These assessments reveal that ongoing human rights abuses have occurred in cyclone-affected areas in the context of relief and reconstruction efforts. These included official interference in relief efforts, harassment and intimidation of private relief workers, misappropriation and confiscation of aid, controls on information, confiscation of land from survivors, and forced labor. Our findings show that the difference of having unhindered access to affected communities and ensuring the anonymity and confidentiality of those willing to testify uncovers realities on the ground that stand in contrast to evaluations conducted in partnership with the ruling junta[27, 48, 51, 54, 55].
This assessment was subject to several limitations. Due to security and logistical concerns, it was not possible to conduct a quantitative population-based assessment in tandem with the qualitative human rights investigation. As a result, estimations of the prevalence of human rights abuses were not possible. In addition, the disclosure of identifiers, such as specific village names where the data were collected, was also impossible due to security considerations. To date, at least 21 individuals involved in private cyclone-related activities have been arrested, none associated with this assessment, and some have been sentenced to long prison terms, underscoring the reality of these security concerns in Burma. At least eight additional community activists and cyclone relief volunteers were sentenced to long prison terms in January 2010. Despite such limitations, the use of in-depth interviews, however, offer several strengths to the investigation. Foremost, interviews allow for an understating of the nuanced experiences among survivors and relief workers. The use of qualitative methods also allowed for refinement, addition of questions, and adjustment of the interview guide when new themes emerged over time. Additionally, the ability of the research team to use probes to collect further details of experiences allowed for the verification of veracity and internal consistency, as well as the separation of personal experience from hearsay. An additional limitation was the selected nature of the interviewers and interviewees, and the potential biases inherent in non-random sampling of participants. While population-based approaches would arguably have generated more generalizable findings, this was not feasible for logistical and security reasons; however, non-random approaches, such as used in this investigation, should not undermine the veracity of any individual experience of abuse.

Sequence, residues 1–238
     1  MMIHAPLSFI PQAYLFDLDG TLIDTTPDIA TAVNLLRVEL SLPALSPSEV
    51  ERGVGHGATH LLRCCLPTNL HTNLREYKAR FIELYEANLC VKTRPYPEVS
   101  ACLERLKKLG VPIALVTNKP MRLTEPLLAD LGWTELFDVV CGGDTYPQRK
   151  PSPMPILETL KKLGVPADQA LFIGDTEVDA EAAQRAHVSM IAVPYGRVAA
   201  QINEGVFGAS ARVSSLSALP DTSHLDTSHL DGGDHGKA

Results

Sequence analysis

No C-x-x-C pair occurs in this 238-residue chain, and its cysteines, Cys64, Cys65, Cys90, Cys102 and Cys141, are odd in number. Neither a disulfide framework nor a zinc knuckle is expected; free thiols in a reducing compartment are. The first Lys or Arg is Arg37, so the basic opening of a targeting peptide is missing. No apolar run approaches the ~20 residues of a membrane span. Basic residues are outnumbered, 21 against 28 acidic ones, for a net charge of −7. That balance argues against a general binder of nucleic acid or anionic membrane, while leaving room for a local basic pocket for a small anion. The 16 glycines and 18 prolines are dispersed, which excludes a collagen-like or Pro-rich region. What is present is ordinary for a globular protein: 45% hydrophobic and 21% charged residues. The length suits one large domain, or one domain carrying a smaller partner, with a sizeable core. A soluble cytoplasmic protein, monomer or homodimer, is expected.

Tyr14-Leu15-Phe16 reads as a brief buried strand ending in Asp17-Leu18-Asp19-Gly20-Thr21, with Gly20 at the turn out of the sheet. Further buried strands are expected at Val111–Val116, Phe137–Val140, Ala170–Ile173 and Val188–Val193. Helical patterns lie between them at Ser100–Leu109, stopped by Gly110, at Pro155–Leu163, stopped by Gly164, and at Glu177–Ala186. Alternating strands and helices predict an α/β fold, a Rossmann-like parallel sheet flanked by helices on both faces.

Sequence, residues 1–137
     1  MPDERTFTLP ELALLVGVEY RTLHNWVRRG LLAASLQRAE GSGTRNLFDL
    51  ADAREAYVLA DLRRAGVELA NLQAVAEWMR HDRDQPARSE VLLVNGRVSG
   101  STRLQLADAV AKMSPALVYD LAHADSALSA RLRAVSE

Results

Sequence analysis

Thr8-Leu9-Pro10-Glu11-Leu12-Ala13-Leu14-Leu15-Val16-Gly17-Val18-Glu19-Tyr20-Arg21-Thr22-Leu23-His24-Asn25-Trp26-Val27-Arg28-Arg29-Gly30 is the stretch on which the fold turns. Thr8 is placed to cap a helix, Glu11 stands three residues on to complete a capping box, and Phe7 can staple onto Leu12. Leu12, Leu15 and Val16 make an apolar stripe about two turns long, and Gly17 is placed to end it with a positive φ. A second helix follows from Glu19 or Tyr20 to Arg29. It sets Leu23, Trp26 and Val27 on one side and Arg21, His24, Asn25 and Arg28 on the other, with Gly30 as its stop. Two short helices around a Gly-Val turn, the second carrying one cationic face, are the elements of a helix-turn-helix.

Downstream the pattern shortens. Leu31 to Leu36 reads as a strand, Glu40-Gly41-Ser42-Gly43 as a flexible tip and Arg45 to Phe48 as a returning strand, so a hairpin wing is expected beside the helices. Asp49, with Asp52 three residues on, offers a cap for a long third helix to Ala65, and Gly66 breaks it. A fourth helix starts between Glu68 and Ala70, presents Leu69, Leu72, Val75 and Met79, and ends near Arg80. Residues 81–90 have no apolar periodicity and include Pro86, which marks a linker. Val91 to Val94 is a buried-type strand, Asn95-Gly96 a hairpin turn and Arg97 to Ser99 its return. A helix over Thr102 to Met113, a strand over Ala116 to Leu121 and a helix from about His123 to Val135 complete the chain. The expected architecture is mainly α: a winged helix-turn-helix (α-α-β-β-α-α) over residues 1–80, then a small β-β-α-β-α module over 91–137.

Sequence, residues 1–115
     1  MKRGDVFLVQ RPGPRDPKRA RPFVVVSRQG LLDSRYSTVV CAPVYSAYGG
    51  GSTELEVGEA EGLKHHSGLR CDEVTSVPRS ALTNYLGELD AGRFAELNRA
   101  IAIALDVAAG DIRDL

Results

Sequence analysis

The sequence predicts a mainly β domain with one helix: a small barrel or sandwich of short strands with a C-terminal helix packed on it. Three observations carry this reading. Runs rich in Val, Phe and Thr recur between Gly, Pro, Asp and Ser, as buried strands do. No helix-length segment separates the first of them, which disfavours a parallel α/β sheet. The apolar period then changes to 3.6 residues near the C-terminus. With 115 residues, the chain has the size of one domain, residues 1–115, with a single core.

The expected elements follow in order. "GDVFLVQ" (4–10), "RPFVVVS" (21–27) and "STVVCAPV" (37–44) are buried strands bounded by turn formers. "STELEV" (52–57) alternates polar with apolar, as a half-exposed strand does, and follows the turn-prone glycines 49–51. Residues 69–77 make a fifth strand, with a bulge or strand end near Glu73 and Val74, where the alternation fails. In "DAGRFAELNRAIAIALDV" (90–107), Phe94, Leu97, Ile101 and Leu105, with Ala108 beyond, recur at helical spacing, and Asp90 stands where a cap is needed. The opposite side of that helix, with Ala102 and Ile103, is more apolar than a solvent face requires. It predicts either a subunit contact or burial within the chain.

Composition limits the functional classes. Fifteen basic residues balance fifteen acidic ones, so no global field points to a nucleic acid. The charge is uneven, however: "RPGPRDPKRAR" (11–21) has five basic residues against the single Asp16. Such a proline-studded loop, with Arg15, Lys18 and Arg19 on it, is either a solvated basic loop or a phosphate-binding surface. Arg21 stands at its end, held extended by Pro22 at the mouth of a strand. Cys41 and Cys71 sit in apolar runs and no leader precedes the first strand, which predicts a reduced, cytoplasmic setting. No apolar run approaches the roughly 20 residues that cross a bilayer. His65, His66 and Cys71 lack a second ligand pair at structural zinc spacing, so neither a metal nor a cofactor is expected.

The limitations of this investigation should not detract from the reality that independent community voices in cyclone relief and reconstruction activities should be encouraged. This is particularly important in countries such as Burma, one of the most corrupt governments in the world, and where widespread, systematic human rights abuses of civilians has been widely documented, including violations of several UN Conventions to which Burma is signatory, such as the Convention on the Rights of the Child (CRC), the Convention on the Eradication of All Forms of Discrimination Against Women (CEDAW), and the International Labour Organisation Convention 29 on Forced Labour[17, 57–59]. And, even before Cyclone Nargis, strict limitations on international humanitarian assistance, particularly information gathering and travel for international staff, were a reality for aid organizations[60, 61]. Community-led monitoring of human rights violations are an important part of assessing responses to complex humanitarian emergencies, particularly where states are unwilling to or have failed to do so.